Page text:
2. Failing to pay balances in full and on time

If you don't pay on time or maintain a balance, you can rapidly rack up significant interest rates and fees, which can be detrimental to the financial stability of your business. Making payments in a timely manner is a must if you want to keep a good credit score, which is essential for taking out loans or getting additional credit in the future. Make it a habit to pay off your balance in full each month to avoid these unnecessary costs.

3. Ignoring credit utilization ratios

High credit utilization—using a large portion of your available credit limit—can negatively impact your credit score. It’s best to keep your credit utilization below 30% of your limit. Consistently maxing out your credit card signals to lenders that you may be a high-risk borrower, which can lead to reduced credit limits or declined applications should you seek a business loan or line of credit.

4. Choosing unhelpful rewards and perks

Business credit cards offer rewards and perks that can be highly beneficial for your business. However, many cards only offer rewards in certain spending categories, or offer extra rewards on purchases like travel and dining. Instead of choosing a card that encourages spending, you might want to consider choosing a card that offers universal cash back on all purchases. That way, you won’t be incentivized to spend more for the points.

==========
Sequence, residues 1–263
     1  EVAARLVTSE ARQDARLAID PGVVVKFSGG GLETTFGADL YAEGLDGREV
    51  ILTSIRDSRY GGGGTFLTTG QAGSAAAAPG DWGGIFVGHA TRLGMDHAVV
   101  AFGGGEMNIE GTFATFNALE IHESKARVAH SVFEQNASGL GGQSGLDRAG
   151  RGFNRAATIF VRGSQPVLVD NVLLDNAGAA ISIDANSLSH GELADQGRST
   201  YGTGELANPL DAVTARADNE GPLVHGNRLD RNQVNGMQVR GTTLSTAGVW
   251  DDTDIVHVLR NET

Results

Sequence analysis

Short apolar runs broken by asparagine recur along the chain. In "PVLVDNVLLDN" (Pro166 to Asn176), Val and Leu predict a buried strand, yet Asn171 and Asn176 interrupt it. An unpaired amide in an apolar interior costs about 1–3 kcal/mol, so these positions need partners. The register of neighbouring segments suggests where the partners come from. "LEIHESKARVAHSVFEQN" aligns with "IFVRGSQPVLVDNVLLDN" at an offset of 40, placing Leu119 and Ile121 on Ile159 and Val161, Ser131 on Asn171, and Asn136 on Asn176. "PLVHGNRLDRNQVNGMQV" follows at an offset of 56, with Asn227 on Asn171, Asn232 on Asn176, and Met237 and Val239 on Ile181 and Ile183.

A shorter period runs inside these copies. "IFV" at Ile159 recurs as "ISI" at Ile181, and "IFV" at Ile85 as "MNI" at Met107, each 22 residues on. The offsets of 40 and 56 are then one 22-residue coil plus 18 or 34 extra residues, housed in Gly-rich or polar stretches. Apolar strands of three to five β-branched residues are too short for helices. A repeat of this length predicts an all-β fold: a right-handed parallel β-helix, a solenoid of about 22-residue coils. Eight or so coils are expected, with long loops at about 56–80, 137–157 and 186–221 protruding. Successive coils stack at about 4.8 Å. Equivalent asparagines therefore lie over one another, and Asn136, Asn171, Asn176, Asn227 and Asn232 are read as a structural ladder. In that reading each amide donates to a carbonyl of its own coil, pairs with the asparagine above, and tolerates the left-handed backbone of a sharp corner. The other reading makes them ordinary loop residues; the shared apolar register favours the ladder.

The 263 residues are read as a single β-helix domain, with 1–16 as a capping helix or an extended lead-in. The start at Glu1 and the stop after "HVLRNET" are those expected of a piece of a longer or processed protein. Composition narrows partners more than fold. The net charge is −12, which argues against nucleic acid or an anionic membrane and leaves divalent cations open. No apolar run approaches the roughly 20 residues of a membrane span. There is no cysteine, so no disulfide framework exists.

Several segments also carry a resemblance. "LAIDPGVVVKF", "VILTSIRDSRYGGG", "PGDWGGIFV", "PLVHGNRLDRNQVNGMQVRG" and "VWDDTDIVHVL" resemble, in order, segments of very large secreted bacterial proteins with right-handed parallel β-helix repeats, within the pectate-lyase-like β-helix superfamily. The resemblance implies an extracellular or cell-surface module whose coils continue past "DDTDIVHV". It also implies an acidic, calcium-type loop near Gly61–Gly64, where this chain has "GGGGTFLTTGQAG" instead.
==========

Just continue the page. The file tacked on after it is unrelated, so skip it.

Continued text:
5. Not setting employee usage policies

If you provide employees with company credit cards, failing to set clear usage policies can lead to unauthorized or non-compliant spending. Establish clear guidelines with your employees and choose a credit card that lets you enforce your expense policy automatically to maintain control over your business expenses.

6. Neglecting to track your account regularly

Regularly reviewing your credit card statement is crucial for spotting any unauthorized transactions or errors. This habit also helps in keeping track of spending, making sure that you remain within budget, and aids in early detection of fraudulent activities. Frequent monitoring also reinforces better spending habits and financial discipline within your business.